The modern topographers ?) find in the grotto the statue of the nymph and nine niches for the Muses, and a late traveller 3) has discovered that the cave is restored to that simplicity which the poet regretted had been exchanged for injudicions ornament. But the headless statue is palpably rather a male than a nymph, and has none of the attributes ascribed to it at present visible. The nine Muses could hardly have stood in six niches; and Juvenal certainly does not allude to any individual cave 4). Nothing can be collected from the satirist but that somewhere near the Porta Capena was a spot in which it was supposed Numa held nightly consultations with his nymph, and where there was a grove and a sacred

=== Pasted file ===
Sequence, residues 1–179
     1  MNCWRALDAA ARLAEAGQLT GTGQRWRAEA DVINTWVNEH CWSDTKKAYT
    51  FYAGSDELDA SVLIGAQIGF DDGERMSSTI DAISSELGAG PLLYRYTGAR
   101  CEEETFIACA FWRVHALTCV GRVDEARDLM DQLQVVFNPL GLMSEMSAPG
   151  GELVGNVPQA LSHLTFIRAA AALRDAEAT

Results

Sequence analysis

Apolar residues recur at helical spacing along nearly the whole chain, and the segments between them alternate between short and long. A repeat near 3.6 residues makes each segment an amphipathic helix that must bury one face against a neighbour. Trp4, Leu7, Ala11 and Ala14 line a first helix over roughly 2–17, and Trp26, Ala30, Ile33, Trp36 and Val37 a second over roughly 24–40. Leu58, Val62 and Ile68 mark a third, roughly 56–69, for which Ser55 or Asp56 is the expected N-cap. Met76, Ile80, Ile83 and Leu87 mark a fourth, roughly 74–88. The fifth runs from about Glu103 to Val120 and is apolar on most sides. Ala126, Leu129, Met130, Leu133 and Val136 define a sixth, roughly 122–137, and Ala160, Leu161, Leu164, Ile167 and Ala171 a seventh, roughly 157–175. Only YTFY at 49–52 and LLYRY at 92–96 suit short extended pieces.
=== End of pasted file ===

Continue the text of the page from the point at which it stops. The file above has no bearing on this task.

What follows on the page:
1) De Magnit. Vet. Rom. ap. Graev. Ant. Rom. tom. ir.


1507. 2) Echinard , Descrizione di Roma e agro Romano, corretto

dall'Abate Venuti, in Roma, 1750. They believe in the grotto and nymph. “Simulacro di questo fonte, essendovi sculpite

le acque a pie di esso.»
3) Classical Tour, chap. vi. p. 217. vol. ii.
4) «Substitit ad veteres arcus, madidamque Capenam,

Hic ubi nocturnae Numa constituebat amicae,
Nunc sacri fontis nemus, et delubra locantur
Judaeis quorum cophinum foenumque supellex.
Omnis enim populo mercedem pendere jussa est
Arbor, et ejectis mendicat silva Camoenis.
In vallem Egeriae descendimus, et speluncas
Dissimiles veris: quanto praestantius esset